Soueif: “The revolution was not fought along gender lines”
March 31, 2011 § Leave a comment
Just a few lines on a really interesting talk last night from Ahdaf Soueif, the Egyptian writer who was in Cairo at the time of the recent protests, writing for the Guardian and participating in the revolution there.
Interesting for itself, as she is a truly inspirational woman and fascinating to hear talk generally, the event was also an insight into the role of women in Egyptian protests. Asked about the role of women, she was keen to stress that the protest was not seen in gender terms, and that the country’s women were there, participating, taking an active role in the political action.
“Every single type of woman was there in Tahrir Square. People need to know that the protestors in Egypt were not seeing this on gender terms,” Soueif insisted. And this article supports that ideology – women were being pragmatic, Egyptian, citizens all facing the same oppression.
There are, she admitted, gender challenges ahead. Women in Egypt feel largely patronised by plans to assign a certain number of seats in the new parliament to women, and there are issues around the number of women in the work force that need to be addressed as the new state forms – and some concerns about any extremist party that might rise to power in the current uncertainty. Unquiet has also begun to rumble around the fact that there are no women at all in the Constitutional Drafting Committee – and rightly so. This is a very comprehensive post that works through the constitution and the new amendments, and what they mean for women, and is well worth a read to get to grips with the changes.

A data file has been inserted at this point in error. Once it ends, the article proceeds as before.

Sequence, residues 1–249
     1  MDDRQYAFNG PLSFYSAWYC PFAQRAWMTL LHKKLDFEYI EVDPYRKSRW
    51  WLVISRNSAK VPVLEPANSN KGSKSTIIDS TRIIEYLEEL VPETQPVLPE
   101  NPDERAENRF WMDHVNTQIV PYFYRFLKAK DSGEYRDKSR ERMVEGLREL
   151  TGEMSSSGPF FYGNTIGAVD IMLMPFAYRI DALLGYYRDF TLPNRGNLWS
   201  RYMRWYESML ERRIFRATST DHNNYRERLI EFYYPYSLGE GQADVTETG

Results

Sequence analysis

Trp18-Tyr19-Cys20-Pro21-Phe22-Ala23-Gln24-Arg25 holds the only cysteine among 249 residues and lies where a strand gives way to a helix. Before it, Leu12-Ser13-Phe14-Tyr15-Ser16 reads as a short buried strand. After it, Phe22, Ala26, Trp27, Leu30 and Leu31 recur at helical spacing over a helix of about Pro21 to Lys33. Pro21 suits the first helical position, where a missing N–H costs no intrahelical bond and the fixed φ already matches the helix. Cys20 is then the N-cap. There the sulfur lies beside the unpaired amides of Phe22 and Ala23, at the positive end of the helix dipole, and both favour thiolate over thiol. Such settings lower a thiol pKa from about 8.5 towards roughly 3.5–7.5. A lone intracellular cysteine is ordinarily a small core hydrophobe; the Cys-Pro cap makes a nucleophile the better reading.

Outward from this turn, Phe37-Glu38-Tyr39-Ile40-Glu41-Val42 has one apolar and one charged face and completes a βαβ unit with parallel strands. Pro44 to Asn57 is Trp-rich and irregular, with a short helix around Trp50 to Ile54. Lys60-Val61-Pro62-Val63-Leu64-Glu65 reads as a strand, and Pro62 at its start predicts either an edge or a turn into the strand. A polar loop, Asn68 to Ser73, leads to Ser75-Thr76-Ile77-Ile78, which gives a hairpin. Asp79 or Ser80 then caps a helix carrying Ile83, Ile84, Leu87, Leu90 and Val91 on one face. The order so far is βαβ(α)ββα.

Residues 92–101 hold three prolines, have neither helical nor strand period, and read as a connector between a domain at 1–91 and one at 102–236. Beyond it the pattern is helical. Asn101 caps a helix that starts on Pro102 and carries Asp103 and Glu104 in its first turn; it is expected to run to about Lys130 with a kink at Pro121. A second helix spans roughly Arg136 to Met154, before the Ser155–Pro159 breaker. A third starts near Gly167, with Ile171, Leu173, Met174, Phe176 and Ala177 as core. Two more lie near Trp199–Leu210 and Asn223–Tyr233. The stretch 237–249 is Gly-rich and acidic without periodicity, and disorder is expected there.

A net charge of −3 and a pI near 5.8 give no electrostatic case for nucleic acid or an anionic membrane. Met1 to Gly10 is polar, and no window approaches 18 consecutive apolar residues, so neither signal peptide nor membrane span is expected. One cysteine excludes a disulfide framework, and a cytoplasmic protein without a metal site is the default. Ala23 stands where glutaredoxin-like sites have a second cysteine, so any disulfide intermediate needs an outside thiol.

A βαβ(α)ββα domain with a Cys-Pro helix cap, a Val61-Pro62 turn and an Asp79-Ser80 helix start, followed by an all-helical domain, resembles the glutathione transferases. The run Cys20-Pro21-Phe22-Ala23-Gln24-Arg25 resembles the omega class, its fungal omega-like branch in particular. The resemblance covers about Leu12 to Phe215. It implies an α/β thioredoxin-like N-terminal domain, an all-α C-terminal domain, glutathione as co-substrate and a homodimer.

So it was a rare opportunity to hear a powerful voice speak out so passionately about her country, and conclude that yes, there are challenge ahead for the country – but that women will be a part of them, want to be a key part of them, and won’t forget their part in the revolution.
“Things are good in Egypt,” she said. “Things are great and can only get better as far as women are concerned.”
And her conclusion was particularly interesting. She finished by saying that the country was facing the question: “How do the people change policy?” And this is indeed the challenge now facing Egypt – to make all the people united and represented by the new state, without discrimination on terms of race, education or gender.